White; the lower petals veined with purple.
Northward from the Alleghanies.
Flowers: small; terminal; solitary; growing on a scape. Calyx: five-eared at the base. Corolla: of five unequal beardless petals, one being spurred at the base. Stamens: five; short; united about the pistil. Pistil: one; short. Leaves: from the root on petioles; reniform. Stem: erect; not leafy.
OK, dearest, sweetest little thing, What message do you bring To us from other lands than ours And other worlds of flowers ? We bend our ears to listen, dear, Our hearts grow mute with fear Lest such a dainty, fairy sprite Should vanish from our sight.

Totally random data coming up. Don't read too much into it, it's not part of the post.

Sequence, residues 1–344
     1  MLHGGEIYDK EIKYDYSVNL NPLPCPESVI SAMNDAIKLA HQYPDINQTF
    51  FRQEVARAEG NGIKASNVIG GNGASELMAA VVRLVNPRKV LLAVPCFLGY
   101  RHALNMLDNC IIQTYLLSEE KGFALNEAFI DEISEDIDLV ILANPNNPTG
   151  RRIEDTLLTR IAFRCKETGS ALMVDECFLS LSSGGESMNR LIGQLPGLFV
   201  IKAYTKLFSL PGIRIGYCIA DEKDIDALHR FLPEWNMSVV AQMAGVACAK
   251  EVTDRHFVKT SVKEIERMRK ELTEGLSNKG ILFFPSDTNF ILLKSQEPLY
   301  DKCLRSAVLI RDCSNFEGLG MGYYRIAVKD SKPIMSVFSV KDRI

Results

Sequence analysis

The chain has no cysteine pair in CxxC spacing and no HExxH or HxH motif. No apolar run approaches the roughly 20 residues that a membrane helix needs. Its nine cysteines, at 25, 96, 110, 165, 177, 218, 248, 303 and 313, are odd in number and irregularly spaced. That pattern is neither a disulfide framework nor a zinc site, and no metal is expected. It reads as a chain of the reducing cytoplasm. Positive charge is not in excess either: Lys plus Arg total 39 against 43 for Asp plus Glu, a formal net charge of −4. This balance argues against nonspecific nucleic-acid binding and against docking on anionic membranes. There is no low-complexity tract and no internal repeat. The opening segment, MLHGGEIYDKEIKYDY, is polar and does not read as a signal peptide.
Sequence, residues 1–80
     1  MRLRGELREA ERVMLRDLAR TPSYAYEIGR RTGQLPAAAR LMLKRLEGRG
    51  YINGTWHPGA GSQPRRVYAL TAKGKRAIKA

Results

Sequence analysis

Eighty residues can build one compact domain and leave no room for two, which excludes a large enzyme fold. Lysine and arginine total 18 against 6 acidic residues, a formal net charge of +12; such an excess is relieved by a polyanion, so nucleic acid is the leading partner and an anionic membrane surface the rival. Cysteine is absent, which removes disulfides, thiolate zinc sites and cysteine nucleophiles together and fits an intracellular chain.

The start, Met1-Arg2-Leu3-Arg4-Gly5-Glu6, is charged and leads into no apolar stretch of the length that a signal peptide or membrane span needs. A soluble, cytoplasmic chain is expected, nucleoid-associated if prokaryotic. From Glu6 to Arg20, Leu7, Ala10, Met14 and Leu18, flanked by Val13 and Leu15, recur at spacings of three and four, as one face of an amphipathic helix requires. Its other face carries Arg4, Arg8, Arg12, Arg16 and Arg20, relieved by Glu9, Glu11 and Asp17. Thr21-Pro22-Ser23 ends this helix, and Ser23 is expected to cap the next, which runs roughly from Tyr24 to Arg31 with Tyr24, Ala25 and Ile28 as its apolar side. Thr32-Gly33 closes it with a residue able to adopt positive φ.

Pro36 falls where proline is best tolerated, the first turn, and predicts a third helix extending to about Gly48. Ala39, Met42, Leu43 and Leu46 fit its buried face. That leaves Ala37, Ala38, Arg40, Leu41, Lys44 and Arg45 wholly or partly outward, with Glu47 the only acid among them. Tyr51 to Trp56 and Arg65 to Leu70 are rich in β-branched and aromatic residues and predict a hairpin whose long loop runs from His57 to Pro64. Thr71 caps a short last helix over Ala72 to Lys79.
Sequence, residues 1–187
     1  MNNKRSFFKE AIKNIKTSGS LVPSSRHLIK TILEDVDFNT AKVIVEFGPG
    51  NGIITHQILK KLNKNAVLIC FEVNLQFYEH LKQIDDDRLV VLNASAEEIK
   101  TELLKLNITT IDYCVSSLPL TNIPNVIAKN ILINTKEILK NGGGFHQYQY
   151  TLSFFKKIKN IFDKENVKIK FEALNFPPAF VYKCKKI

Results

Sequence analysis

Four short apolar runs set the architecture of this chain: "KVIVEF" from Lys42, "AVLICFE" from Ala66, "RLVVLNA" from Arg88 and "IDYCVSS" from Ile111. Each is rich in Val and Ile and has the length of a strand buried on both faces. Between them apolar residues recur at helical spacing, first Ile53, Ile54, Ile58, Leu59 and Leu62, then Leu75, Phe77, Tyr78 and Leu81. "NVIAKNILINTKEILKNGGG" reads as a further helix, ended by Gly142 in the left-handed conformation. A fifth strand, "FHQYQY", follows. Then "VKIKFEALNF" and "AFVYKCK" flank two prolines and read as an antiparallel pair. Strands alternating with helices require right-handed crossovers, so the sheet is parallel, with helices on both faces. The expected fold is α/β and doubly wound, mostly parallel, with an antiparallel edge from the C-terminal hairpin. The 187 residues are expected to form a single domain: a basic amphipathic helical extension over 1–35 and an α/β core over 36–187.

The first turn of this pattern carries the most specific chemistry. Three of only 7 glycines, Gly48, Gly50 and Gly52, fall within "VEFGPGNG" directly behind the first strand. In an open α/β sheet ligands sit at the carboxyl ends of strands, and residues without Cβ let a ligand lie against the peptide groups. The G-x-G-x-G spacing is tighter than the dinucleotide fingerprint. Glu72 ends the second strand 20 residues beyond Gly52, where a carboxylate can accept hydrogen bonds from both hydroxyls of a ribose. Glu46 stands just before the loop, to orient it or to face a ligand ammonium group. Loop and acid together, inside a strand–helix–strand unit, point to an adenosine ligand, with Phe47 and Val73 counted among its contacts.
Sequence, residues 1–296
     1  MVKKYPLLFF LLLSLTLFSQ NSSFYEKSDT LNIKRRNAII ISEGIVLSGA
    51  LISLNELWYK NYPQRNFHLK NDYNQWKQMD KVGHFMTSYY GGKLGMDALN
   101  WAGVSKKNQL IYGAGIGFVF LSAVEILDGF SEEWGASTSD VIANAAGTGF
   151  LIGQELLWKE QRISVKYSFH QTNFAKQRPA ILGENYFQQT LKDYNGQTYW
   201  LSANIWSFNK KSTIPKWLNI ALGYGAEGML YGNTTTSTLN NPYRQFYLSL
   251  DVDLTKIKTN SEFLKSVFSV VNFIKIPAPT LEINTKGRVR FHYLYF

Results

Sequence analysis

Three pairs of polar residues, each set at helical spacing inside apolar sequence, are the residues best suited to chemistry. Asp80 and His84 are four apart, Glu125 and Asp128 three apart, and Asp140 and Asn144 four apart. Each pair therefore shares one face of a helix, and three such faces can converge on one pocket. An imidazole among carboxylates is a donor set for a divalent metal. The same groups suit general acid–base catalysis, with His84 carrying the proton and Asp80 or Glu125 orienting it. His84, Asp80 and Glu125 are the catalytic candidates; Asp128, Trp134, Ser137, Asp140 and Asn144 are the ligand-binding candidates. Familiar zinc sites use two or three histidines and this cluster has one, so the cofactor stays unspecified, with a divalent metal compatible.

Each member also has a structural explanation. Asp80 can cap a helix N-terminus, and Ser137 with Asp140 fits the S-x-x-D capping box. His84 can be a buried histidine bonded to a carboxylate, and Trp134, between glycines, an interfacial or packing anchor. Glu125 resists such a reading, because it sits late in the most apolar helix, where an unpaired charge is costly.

It must be a cold heart that does not love the sweet white violet. In its turn it loves the mossy, moist places that shield it so carefully and from where it sends out its faint perfume.
This white violet has larger flowers than the preceding species; and the lance-shaped leaves that taper into long petioles are the mark by which it can be distinguished. The two are often found growing together; and belong to the class of so-called stemless violets. These have no true stems; but bear their leaves from the root-stock, and the flowers upon scapes. In the late season, near the root may be found cleistogamous blossoms, closed buds that never open, but are within themselves self-fertilized.